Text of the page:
Spontaneous reports are sent to regulatory agencies. In Italy (Fig. 1) [6, 7], they are first sent to the local contact person for pharmacovigilance, who is listed on the website of the Italian Medicines Agency (Agenzia Italiana del Farmaco, AIFA) and may work in a local hospital or district health agency. This person has 7 days to insert a spontaneous report into AIFA’s pharmacovigilance network (Rete Nazionale di Farmacovigilanza, RNF) and also send it to the regional pharmacovigilance system. RNF is linked to EudraVigilance, the EMA’s pharmacovigilance network. EudraVigilance has a database of information on suspected adverse reactions to medicines that have been authorized for sale or are being studied in European clinical trials [8]. EudraVigilance sends spontaneous reports to the pertinent pharmaceutical company that is the marketing authorization holder (MAH), so that it can investigate the problem [5]. MAHs also send any reports they receive from patients to EudraVigilance. In this case, EudraVigilance sends the reports to AIFA (called “re-routing”). Finally, spontaneous reports are sent by EudraVigilance to the World Health Organization-Uppsala Monitoring Centre.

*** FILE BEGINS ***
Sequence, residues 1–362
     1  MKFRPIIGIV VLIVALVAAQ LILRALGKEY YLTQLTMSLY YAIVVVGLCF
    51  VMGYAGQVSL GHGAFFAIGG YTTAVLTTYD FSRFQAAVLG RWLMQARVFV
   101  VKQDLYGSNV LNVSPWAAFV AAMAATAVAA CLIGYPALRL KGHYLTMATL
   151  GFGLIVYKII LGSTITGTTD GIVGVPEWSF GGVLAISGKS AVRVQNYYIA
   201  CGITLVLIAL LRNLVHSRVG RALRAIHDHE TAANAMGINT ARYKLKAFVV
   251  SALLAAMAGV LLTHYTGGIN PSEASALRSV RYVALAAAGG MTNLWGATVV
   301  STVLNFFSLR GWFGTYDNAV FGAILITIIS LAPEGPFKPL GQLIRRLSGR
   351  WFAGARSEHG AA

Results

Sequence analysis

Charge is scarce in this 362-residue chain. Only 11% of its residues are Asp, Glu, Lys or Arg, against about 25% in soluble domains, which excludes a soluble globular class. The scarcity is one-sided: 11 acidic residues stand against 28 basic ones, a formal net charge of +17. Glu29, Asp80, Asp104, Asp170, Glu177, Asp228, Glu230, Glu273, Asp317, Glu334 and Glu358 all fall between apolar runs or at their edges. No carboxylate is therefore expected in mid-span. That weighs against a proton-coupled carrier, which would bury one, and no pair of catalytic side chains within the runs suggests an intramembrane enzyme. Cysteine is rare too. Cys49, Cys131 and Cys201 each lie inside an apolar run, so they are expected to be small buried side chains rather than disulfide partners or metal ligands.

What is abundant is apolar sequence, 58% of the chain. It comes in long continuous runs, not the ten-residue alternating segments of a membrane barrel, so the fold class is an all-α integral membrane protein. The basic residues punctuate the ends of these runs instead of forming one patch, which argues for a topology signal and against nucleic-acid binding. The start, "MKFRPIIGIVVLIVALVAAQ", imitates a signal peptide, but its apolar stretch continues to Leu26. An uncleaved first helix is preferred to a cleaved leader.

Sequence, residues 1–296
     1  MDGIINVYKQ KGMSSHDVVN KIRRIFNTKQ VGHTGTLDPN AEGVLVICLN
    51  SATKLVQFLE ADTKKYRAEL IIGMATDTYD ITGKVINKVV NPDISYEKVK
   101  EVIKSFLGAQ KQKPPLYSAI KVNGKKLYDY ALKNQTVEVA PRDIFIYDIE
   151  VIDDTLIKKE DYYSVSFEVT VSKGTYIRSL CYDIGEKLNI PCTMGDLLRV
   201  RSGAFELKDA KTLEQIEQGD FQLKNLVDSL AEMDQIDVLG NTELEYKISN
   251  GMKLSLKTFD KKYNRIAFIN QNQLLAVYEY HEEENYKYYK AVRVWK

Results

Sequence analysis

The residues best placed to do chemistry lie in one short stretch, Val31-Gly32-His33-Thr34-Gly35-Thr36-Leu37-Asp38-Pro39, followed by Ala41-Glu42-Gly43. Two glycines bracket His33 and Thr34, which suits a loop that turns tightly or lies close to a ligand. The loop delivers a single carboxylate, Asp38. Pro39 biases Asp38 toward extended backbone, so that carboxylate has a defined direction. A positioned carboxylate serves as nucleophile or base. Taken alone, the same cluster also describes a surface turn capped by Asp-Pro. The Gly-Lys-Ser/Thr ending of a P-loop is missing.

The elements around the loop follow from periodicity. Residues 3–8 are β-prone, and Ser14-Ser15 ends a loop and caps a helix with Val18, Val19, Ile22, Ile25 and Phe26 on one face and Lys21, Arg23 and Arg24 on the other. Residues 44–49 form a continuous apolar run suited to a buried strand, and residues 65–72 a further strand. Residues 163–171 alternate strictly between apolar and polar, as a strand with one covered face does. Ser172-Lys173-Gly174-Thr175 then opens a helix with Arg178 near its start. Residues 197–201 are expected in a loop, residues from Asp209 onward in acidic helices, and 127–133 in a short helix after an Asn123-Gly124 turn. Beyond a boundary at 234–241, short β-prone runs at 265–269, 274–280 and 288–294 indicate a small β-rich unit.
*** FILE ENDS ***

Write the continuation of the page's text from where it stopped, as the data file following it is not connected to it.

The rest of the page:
Spontaneous reports differ from solicited reports, which come from organized data collection systems (e.g. clinical trials, non-interventional studies, registries, and health institutions). In these cases, whenever an ADR is suspected, a causality assessment is enacted; only when a high causal association between the adverse reaction and the drug is established is a solicited report prepared [9, 10].

Reports of ADRs (both spontaneous and solicited) are essential, because they indicate the need for further investigations to confirm the association with the drug, and may trigger alarm signals. Signals are defined by EMA as “Information that arises from one or multiple sources (incl. observations and experiments), which suggest a new potentially causal association, or a new aspect of a known association, between an intervention and an event or set of related events, either adverse or beneficial, that is judged to be of sufficient likelihood to justify verificatory action” [11].

The analysis of signals is extremely important. Detection of a signal does not necessarily mean an ADR occurred. Signal detection is the first step in determining if a new, previously unknown ADR occurred, or if there is a change in frequency of an ADR already described in the Summary of Product Characteristics (SmPC) document. The SmPC is a legal document approved during the marketing authorization process; meant for healthcare professionals, it describes how to use a drug based on information from clinical trials [12].